Qualities of a Good Team Player

By: Agile Velocity | May 29, 2013 |  Agile,  Article,  Leadership,  Team
Blue Angels are team playersThe word “team” in Agile Team is hugely important and something we rarely give much thought to.  I recently browsed the web to discover and define what really makes a good team player.  Part of my personal journey is to improve as a member of my team.  I look to these words for inspiration.

Coming together is a beginning.
Keeping together is progress.
Working together is success.

– Henry Ford
None of us is as smart as all of us

Dependable, reliable, and consistent

You can count on a reliable team member who gets work done and does his fair share to work hard and meet commitments.

Communicates Constructively

Teams need people who speak up and express their thoughts and ideas clearly, directly, honestly, and with respect for others and for the work of the team.

Shares openly

Good team players share. They’re willing to share information, knowledge, and experience. They take the initiative to keep other team members informed.

Asks “What can I do to help the team succeed?”

Team members who function as active participants take the initiative to help make things happen, and they volunteer for assignments.


Teams need team players who can absorb, understand, and consider ideas and points of view from other people without debating and arguing every point.


Good team players, despite differences they may have with other team members concerning style and perspective, figure out ways to work together to solve problems and get work done. They respond to requests for assistance and take the initiative to offer help.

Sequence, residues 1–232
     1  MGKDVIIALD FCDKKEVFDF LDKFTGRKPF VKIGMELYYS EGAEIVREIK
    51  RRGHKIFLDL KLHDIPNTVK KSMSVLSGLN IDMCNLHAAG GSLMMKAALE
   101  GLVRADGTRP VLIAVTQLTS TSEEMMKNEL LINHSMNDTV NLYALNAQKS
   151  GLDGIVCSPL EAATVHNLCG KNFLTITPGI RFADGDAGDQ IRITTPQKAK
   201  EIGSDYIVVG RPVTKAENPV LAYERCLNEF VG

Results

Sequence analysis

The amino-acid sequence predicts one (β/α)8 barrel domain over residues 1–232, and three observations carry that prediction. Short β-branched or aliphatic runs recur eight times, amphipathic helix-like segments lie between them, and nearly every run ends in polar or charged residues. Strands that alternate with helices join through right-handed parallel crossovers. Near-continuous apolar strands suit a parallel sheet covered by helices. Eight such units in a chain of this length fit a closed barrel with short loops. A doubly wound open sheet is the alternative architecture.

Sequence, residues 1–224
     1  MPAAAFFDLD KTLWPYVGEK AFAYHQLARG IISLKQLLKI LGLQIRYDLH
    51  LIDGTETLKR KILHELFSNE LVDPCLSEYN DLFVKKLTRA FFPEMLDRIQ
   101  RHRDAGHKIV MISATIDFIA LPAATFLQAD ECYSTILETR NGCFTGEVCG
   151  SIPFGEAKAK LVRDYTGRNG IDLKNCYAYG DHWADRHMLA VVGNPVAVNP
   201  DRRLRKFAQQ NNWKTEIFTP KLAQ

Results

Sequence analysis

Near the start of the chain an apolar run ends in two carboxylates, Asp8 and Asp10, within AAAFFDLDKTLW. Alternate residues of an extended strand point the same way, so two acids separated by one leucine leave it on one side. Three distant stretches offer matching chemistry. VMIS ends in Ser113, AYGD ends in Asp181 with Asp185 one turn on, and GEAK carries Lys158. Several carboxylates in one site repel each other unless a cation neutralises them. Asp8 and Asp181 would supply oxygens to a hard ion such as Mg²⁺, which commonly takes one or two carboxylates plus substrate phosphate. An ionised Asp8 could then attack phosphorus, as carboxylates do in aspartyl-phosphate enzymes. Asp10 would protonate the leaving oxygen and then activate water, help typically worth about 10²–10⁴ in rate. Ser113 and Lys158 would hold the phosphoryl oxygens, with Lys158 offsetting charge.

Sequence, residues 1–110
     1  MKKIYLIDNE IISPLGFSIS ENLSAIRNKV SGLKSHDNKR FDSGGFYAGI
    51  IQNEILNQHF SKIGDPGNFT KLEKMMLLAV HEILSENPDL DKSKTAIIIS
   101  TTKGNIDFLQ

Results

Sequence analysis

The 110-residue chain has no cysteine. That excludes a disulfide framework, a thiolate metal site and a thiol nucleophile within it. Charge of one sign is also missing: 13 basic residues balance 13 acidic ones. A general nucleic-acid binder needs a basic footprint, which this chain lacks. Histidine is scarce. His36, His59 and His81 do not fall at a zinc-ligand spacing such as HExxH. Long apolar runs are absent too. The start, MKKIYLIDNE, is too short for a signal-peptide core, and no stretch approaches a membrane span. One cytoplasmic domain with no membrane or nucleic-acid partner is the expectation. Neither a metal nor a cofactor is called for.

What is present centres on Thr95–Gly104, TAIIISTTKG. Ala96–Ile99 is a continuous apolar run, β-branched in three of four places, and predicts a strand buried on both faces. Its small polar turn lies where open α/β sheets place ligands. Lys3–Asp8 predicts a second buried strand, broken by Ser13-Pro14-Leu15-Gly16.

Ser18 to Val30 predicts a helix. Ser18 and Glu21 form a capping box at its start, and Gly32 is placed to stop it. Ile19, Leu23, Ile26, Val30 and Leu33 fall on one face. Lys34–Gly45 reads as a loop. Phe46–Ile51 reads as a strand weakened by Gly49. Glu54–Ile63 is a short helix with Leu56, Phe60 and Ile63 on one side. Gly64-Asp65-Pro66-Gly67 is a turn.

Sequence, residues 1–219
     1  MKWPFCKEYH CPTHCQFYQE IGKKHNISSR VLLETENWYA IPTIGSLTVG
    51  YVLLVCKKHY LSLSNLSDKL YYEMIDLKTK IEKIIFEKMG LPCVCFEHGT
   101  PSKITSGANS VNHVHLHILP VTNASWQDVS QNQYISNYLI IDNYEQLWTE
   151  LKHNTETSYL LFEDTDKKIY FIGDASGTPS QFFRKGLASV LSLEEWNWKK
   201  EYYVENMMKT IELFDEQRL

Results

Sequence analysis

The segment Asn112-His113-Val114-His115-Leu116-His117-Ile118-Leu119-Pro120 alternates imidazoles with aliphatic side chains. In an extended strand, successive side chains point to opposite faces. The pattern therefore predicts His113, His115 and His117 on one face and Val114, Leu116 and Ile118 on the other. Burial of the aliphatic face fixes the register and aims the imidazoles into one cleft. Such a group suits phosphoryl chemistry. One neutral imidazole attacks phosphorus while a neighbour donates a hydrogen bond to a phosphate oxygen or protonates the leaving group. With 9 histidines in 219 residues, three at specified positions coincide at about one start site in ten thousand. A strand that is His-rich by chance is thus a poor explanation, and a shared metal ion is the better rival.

A flexible team member can consider different points of views and compromise when needed.


They’re problem-solvers, not problem-dwellers, problem-blamers, or problem-avoiders. They don’t simply rehash a problem the way problem-dwellers do. They don’t look for others to fault, as the blamers do. And they don’t put off dealing with issues, the way avoiders do.


Team players treat fellow team members with courtesy and consideration — not just some of the time but consistently. They care about the team winning.

When observing the best teams, it is difficult to identify leaders.

  • The creative type who generates ideas called the Plant
  • The extrovert who has good networks (the Resource Investigator)
  • The dynamic individual who thrives on the pressure (the Shaper)
  • The person who soberly evaluates the usefulness of ideas (the Monitor-Evaluator)
  • The cooperative team player (the Team-worker)
  • The ones with specialist skills (the Specialist)
  • Those who turn ideas into solutions (the Implementer)
  • The person who get issues completed (the Completer-Finisher)
  • The person who keeps the team together effectively (the Co-ordinator).

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